The new platform is part of the FMCG giant’s plans to increase its use as an idea-generation mechanism tenfold or more by 2020.
Unilever launched the Foundry last year in a bid to find innovative marketing start-ups working across areas including digital, content, social and mobile to help support its FMCG brands. However, it is hoping the new direct crowd sourcing portal IDEAS will allow it to invest more in individuals – such as students and filmmakers – with ideas that require mentoring.
“We think Unilever consumers will respond better to marketing ideas created by their peers, opposed to the cumbersome process of our internal marketing team going through briefs step-by-step, as there’s more of a spontaneity and honesty about the indie creative process,” Unilever’s senior vice president of global marketing Marc Mathieu told Marketing Week.
“Through the Foundry we’ve already started to work with people making ibeacon tech and AI, concepts that are the next big wave of technology. Some of our investments will lose, some will win, but we know some will emerge and be as big if not bigger than Facebook.”
Through the pilot programme of IDEAS, Unilever Foundry has already announced two opportunities to engage in a $100,000 pilot with the company. One seeks ideas for incentivising consumer advocates to create content for their brands, while the second is looking for startups that can automate how brands discover and harvest quality UGC.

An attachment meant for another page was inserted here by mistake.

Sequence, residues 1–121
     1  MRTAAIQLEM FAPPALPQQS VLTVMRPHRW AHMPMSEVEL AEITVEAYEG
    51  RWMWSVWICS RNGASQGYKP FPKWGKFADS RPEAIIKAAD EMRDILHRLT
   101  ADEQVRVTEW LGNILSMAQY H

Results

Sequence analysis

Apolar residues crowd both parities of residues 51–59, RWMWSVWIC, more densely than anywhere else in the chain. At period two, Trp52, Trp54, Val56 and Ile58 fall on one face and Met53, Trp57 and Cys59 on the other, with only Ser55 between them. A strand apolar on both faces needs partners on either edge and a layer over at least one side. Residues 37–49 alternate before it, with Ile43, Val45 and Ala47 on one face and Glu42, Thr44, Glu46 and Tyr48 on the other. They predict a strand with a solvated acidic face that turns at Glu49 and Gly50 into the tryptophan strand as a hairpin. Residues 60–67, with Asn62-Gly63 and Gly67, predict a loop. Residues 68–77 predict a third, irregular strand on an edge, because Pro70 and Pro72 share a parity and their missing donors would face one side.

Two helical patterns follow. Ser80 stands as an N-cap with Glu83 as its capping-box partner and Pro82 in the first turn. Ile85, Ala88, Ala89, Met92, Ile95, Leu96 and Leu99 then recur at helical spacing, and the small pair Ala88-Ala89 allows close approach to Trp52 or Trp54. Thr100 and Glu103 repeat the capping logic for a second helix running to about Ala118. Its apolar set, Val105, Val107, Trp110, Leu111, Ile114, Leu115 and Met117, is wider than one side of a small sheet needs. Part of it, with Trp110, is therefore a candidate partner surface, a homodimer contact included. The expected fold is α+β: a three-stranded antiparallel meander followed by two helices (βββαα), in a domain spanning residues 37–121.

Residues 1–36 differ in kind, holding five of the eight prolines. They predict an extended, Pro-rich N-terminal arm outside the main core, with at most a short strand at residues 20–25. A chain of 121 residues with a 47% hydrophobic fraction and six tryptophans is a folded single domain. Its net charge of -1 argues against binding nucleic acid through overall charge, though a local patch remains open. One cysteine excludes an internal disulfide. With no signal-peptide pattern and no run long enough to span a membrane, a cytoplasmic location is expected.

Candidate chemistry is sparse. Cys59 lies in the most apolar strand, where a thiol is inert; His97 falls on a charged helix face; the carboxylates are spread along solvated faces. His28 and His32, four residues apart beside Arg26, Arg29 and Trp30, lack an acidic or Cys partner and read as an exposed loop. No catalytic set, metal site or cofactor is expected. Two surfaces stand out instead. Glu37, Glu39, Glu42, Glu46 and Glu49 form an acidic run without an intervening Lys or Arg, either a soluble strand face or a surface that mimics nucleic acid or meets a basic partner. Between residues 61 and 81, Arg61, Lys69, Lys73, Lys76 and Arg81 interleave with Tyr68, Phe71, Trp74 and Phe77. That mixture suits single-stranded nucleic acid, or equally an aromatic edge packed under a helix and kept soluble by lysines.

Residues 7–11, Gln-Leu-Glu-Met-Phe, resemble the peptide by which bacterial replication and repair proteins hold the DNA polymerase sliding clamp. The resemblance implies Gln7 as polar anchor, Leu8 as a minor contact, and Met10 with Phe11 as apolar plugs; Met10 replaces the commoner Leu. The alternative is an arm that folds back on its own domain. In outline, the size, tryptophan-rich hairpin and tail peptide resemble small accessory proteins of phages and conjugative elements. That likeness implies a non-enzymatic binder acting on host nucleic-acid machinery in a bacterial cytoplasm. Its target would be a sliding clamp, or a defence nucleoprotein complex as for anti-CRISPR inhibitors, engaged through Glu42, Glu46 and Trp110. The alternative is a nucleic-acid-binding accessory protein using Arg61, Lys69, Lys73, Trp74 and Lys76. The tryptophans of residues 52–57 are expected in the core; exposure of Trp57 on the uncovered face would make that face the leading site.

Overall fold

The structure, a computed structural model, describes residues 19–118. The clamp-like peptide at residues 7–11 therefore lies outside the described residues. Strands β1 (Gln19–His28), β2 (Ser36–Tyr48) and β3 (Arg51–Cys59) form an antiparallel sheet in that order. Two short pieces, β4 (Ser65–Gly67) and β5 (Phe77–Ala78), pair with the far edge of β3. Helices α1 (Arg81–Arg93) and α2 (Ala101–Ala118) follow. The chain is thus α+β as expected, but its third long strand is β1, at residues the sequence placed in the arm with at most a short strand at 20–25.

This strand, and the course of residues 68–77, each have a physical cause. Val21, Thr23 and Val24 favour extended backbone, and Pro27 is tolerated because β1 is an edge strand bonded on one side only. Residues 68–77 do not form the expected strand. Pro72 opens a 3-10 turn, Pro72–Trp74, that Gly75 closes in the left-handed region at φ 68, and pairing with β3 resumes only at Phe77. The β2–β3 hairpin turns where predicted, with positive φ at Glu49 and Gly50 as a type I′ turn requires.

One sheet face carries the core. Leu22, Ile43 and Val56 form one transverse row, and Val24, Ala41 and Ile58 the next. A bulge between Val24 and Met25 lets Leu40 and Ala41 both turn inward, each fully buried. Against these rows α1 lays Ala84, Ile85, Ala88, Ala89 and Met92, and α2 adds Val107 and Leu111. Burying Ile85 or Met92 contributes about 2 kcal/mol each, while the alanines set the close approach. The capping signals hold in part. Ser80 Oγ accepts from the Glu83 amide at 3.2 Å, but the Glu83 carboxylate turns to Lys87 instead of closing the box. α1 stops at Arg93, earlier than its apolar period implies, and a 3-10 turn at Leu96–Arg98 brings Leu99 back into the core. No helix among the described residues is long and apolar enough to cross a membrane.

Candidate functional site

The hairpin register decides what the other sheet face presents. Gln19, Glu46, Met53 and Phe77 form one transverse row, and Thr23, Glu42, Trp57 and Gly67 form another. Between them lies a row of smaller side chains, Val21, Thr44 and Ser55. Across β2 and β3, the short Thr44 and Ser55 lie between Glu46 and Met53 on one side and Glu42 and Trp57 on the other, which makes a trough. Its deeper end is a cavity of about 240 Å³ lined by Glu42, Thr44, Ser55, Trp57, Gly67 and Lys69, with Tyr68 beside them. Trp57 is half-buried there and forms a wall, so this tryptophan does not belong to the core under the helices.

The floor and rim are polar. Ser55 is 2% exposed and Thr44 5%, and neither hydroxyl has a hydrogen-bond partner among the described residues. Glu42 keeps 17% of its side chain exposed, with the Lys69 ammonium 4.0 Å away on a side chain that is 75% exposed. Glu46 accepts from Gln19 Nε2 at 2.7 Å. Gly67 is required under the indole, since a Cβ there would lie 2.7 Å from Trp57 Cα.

Mathieu pointed to Unilever’s recent collaboration with Mofilm, a global platform that connects filmmakers with brands to crowd source creative content, as part of the inspiration behind IDEAS.
The tie-up resulted in the Cupidity campaign for ice cream brand Cornetto. It saw young filmmakers create sharable content and the initiative, featuring 11 short films, won a Silver Lion at the Cannes Film Festival 2014.
Mathieu said in the future Unilever could start to use the Foundry to invest in people and businesses that don’t necessarily end up working directly with its brands.
“Unilever isn’t just about its brands, it is about people and we want to help plant the seed for a billion pound start-up or idea.”
Over recent years, Unilever has upped its digital spend as part of a wider goal to drive efficiencies in the cost of producing advertising. Digital ad spend rose by 20% in the third quarter of 2014 – up from 17% the previous year – and Mathieu expects it to continue.
“Digital is getting to amazing levels in Finland and the Nordics, it has reached over 50% of total media investment there,” added Mathieu. “It is allowing us to be more personal with our customer and is a driving area for us – I’d expect digital spend to go up further in 2015.”
He also hinted that Unilever could start to embrace virtual reality technology.
“Platforms like Oculus Rift once mainstream will render experiences into people’s lives which will certainly impact the way we bring our brands alive and into consumers lives.”